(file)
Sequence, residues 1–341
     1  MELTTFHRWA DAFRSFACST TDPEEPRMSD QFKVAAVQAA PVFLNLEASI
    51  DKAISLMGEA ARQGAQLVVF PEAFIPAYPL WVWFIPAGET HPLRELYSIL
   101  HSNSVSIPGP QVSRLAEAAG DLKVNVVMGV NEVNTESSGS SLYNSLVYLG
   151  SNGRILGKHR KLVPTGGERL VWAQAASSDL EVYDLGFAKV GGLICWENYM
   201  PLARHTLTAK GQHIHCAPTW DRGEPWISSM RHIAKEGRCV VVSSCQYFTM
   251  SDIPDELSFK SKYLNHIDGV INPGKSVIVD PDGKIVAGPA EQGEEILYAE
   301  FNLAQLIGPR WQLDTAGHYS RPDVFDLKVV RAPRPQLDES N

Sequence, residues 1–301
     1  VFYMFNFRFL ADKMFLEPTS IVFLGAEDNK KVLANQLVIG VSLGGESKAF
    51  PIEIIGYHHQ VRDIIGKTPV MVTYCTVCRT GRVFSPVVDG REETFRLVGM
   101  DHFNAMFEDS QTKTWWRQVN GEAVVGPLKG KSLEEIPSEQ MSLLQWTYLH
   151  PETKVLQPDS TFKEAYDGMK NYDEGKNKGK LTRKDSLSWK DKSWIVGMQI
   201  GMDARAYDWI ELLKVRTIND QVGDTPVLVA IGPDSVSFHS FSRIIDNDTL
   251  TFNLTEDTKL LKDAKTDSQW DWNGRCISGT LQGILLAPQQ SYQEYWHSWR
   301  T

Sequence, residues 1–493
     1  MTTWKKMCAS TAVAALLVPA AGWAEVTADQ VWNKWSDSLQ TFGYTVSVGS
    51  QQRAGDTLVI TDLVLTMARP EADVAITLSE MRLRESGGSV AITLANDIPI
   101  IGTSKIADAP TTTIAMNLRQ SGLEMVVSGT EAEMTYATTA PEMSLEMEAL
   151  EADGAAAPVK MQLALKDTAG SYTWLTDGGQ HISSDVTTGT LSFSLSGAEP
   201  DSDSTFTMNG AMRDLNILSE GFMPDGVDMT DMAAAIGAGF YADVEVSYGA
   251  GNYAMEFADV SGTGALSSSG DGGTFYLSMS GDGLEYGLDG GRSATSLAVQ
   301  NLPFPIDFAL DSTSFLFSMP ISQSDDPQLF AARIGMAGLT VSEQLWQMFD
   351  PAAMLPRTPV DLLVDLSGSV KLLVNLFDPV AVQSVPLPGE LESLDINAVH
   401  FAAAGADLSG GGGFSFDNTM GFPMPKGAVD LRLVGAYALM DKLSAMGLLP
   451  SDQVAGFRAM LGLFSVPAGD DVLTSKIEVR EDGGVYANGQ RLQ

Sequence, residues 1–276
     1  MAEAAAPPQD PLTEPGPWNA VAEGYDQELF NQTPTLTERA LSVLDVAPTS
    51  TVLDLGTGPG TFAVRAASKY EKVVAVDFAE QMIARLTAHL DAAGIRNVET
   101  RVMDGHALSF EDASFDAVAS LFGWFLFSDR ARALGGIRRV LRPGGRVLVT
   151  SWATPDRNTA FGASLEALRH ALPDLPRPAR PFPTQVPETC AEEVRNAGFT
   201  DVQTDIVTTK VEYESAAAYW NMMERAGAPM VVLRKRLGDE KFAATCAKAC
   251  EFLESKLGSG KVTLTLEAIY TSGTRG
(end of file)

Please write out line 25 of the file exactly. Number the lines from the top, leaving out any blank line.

   351  PAAMLPRTPV DLLVDLSGSV KLLVNLFDPV AVQSVPLPGE LESLDINAVH